Second thoughts of a Lolfery
Jonathan Hurst expresses an entirely personal view that there are two worrying aspects of the funding of historic building conservation.
The first is the total unreliability of pronouncements on English Heritage’s budget and highlights the summary of the proceedings of the AHF’s 20th Anniversary Conference: ‘Collaboration or conflict — the preservation challenge’ last November in Manchester, where it was remarked in relation to BPTs (but where the comments could apply to any other eligible project):
“Cuts in English Heritage’s budget — a cause of acute concern in England and wholly contrary to the government’s pledges about the National Lottery and ‘additionality’ mean that BPTs are being advised to look first to the Heritage Lottery Fund (HLF), even though the two organisations’ eligibility criteria and grant conditions differ in a number of important respects”. The other is the extreme foolishness of becoming tied to a variable alternative source — the Lottery.
‘Nobody knows if those making the handouts may not suddenly change
their policy with regard to historic
First, there is absolutely no reason to suppose that the level of ‘handouts’ can be predicted accurately over the years into the future as the volatility of the ‘punters’ is completely unknown. Who can say that their level of
ticket buying will not be affected by changes in the football pools, the world economy or anti-gambling crusades.
Secondly, nobody knows if those making the handouts may not suddenly change their policy with regard to historic building conservation. This is exactly what has happened in New Zealand where an over-reliance on lottery handouts has caused disaster following an arbitrary change in policy.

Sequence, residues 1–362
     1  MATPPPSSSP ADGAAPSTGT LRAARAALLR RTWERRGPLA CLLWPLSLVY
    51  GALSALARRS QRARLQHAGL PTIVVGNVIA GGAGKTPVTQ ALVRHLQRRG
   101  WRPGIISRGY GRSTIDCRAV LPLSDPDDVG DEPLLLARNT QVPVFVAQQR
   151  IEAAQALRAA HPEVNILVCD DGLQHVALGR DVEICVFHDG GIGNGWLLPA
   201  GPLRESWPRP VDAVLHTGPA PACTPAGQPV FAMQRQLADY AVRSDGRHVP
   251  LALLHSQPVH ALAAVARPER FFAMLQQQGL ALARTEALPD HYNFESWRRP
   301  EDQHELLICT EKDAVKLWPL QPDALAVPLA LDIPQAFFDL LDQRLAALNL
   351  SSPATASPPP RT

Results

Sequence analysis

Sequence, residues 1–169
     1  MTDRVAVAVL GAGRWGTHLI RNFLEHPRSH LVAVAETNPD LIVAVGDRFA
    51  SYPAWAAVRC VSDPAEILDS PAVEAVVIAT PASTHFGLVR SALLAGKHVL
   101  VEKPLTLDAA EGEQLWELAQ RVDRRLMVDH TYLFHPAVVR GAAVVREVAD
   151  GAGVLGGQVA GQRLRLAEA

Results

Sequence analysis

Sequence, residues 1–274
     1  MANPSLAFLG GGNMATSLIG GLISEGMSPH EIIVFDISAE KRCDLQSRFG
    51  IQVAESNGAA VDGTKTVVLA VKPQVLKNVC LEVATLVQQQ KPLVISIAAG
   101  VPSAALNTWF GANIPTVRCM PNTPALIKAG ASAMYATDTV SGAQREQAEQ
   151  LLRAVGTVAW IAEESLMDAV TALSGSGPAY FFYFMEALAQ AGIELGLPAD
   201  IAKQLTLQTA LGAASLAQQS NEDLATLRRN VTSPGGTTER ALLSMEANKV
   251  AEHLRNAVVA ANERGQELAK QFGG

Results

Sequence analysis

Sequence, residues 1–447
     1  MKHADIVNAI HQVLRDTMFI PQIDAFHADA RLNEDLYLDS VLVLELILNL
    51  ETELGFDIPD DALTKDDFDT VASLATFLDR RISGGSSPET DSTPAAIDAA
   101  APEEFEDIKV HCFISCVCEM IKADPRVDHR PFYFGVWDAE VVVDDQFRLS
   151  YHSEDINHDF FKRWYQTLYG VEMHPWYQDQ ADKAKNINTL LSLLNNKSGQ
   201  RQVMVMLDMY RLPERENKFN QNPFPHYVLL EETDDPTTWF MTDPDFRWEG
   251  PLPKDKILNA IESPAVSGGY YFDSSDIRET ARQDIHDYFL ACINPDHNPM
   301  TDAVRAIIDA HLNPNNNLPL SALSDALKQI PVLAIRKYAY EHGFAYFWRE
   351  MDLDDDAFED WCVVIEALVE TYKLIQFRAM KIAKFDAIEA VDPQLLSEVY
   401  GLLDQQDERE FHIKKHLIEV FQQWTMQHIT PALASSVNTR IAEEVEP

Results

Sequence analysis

The Journal Of the New Zealand Historic Places Trust reported in September 1996 under the heading ‘Heritage in crisis’ that “That need to co-ordinate the resourcing and managing of our heritage system has been underlined in recent days by the Lottery Environment and Heritage Committee’s decision to slash its grant to the Trust by almost a third. More ominously, Lotteries says it will not fund operating costs for Trust properties from 1998. Lotteries calls these costs a Crown responsibility. The Crown disagrees. The Trust, caught in the middle, is already struggling to make ends meet. Unless the Trust can find a dramatic and imaginative solution, properties acquired, conserved and managed through a mix of Trust, Crown and Lottery funds over the last thirty years, will be placed at risk.”
In March this year the Trust reported that “Lottery grants were reduced by more than $500,000. A cut of another half-million is forecast for 1997-98.”
The British lottery boards are vulnerable to political interference and abrupt changes in public opinion (which could follow, say, a medical epidemic or a natural calamity) and cannot be considered a suitably reliable source of finding.
Reliability of funding over lengthy periods is vital to undertake complex and difficult historic building repair programmes. The IHBC must make an enormous effort in lobbying, whatever the new government, to revert to sensible and reliable sources of funding for historic building conservation.
Context 54 June 1997